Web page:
After thousands of Alcoholics Anonymous meetings, Allan Compton of Taylorsville found a self-help group that made more sense to him.
"I'd been trying for years, and I could not relate to AA because of the emphasis on God," said Compton, 39.
What Compton, who believes in God, likes about Rational Recovery is the emphasis on people -- rather than a higher power -- having control over whether they abuse alcohol or drugs.
Rational Recovery will begin meetings in Carroll County next Wednesday at the North Carroll Library in Greenmount.
"We don't think that (AA is) wrong," said Rational Recovery organizer Nan Nelson of Neudecker Road in Westminster. "We just don't think it's right for everyone."
Compton, whowent to Alcoholics Anonymous on and off since 1978, is working with Nelson to start Rational Recovery groups in Carroll.
In addition to the North Carroll meeting, others will be at 5 p.m. Feb. 17 at the County Office Building in Westminster and 7 p.m. Feb. 26 at the SouthCarroll Library in Eldersburg.
Compton said that although AA tells members they don't have to believe in God, it does push addicts to choose some higher power and assign it control of their lives.
"They (at AA) tell you to 'Let go and let God.' I want to have control in my life," he said. "Rational Recovery is a thinking man's group, and AA is for a person who goes along more on their feelings."
Compton said he was a binge drinker from 1975 until about a year ago when he completed an outpatient program at a mental health center in Columbia.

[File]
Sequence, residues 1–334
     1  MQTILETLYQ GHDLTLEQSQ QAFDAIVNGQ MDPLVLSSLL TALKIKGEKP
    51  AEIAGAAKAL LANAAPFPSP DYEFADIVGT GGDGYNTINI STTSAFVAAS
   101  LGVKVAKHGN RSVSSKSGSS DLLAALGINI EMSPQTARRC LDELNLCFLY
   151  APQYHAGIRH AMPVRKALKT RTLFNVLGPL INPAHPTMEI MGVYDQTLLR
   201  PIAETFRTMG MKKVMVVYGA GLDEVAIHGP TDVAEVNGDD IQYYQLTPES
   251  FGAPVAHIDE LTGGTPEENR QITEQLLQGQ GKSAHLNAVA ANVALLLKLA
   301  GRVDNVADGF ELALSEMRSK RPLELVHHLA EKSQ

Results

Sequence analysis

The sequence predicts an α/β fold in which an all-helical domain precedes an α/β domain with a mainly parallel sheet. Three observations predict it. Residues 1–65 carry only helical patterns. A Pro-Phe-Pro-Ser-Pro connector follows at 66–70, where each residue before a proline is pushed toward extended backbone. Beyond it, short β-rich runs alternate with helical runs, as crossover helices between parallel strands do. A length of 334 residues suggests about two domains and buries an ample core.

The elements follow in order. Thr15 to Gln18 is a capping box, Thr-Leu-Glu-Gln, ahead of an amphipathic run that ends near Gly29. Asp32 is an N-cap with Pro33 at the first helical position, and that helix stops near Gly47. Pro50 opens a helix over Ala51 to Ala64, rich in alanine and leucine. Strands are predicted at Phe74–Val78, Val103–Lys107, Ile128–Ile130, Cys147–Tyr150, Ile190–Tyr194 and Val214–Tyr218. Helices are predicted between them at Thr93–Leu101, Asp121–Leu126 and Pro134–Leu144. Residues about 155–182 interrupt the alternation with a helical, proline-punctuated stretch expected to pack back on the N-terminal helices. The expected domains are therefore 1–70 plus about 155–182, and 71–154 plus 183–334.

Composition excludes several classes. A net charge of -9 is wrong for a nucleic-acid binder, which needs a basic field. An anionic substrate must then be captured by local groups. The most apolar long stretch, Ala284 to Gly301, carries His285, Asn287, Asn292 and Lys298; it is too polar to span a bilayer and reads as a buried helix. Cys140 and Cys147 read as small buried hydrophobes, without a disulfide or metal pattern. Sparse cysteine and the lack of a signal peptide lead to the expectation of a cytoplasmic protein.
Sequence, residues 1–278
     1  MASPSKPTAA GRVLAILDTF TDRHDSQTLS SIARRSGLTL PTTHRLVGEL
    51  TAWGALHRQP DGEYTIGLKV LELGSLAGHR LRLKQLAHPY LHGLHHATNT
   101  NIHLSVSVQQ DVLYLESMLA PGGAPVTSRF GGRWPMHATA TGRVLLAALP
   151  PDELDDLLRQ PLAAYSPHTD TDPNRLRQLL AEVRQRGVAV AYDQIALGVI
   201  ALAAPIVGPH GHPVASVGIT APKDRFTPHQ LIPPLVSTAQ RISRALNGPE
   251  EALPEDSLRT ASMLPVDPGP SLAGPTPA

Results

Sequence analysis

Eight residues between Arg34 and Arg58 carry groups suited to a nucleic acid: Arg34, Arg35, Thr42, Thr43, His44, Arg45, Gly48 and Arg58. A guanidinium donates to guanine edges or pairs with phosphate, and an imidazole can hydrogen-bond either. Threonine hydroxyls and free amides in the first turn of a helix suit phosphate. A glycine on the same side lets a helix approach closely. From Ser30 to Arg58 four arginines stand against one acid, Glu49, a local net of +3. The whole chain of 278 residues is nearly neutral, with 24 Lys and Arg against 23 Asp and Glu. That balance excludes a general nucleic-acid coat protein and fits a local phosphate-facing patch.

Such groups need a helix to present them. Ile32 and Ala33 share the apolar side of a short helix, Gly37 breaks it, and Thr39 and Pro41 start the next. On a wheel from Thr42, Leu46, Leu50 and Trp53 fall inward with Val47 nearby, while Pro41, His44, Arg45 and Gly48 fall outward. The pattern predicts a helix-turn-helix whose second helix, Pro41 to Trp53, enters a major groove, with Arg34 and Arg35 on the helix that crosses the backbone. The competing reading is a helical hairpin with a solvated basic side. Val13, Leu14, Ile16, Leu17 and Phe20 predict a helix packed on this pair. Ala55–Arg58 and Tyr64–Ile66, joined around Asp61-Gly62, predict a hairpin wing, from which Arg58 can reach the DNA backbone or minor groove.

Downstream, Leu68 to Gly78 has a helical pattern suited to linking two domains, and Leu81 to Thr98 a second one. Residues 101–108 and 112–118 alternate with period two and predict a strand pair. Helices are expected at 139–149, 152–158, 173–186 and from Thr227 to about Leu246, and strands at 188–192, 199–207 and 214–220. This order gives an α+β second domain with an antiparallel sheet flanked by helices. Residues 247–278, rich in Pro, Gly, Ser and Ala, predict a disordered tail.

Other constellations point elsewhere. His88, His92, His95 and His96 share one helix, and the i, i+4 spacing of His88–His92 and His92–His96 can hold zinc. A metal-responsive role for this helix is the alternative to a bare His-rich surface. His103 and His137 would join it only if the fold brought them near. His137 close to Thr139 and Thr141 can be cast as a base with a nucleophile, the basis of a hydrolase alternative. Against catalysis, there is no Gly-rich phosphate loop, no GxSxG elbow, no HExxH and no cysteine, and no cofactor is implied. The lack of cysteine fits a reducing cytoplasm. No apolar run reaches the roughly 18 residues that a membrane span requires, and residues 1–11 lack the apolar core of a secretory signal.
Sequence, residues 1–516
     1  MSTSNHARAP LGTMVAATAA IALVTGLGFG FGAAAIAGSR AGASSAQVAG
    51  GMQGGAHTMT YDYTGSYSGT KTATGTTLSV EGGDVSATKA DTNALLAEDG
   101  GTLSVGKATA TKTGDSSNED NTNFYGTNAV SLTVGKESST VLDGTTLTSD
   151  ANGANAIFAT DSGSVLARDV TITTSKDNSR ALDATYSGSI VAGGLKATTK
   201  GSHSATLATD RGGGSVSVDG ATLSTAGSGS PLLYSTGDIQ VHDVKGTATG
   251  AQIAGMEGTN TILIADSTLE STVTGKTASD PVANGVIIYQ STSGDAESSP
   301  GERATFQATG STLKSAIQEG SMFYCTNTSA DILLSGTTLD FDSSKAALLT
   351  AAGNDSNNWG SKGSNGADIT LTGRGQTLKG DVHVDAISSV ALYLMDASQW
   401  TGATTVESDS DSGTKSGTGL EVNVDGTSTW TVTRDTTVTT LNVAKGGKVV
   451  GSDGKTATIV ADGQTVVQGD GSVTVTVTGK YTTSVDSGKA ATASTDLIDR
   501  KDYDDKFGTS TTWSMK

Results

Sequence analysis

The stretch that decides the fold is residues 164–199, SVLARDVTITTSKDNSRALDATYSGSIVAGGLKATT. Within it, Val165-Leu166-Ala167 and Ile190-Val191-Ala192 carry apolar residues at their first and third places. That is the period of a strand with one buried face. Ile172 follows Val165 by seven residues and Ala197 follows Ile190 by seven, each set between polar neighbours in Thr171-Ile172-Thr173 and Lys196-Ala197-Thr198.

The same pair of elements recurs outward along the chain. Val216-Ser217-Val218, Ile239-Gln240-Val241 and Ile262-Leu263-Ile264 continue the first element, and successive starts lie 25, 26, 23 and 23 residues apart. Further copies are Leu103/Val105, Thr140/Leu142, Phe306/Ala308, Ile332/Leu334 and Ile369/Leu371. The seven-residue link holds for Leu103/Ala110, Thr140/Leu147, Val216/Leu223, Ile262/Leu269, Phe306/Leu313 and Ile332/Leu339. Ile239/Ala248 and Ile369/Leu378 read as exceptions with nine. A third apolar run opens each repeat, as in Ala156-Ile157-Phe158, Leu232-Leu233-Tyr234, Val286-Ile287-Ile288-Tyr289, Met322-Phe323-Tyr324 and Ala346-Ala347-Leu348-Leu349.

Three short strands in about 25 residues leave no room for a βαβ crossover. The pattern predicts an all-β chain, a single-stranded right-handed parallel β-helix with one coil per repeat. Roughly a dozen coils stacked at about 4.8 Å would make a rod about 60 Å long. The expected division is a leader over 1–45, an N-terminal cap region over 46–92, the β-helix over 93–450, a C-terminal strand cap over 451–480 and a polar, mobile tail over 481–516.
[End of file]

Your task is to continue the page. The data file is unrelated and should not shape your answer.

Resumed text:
"I kept thinking, it's not because I spent all this money on this program, it's because I made a conscious decision not to drink,"he said.
His wife first insisted he seek treatment, he said, but it was a mutual decision.
His drinking had led to three arrests for driving while intoxicated, problems in his marriage and obstacles in finishing his degree in nursing at the University of Maryland, he said.
Nelson, 49, started the first Rational Recovery group in the state a year ago in Reisterstown, where she got meeting space at the Unitarian Universalist Church she attends. She started the group after bristling at the religion and talk of not having control at the AA and Al-Anon meetings she was attending because of her 23-year-old son's drinking problem.
Since last spring, Nelson also has started groups in Catonsville and Columbia.
She said the group has had trouble getting courts and health departments to refer people to RationalRecovery. A bill now before the General Assembly would require courts, which often send addicts to support groups, to inform them of alternatives to AA that don't involve religion, Nelson said.
California social worker and former alcoholic Jack Trimpey first started the Rational Recovery movement five years ago, and more than 100 groups have formed since in the United States and abroad, Nelson said. Trimpeybased Rational Recovery on Rational Emotive Therapy, a psychologicaltheory started in the 1950s by Albert Ellis of New York City.
In addition to Rational Recovery groups for addictions, Nelson hopes to start groups using the same philosophy for weight control and other dependencies.
Although Nelson has never had a drinking problem, shesaid she applies discussion from meetings toward controlling her diet to avoid the diabetes that's afflicted much of her family.
Membership and meetings are free, although sometimes leaders ask for donations toward mailing and copying costs, Nelson said. No money goes to any national group, she said. Nelson can be reached at 876-6702.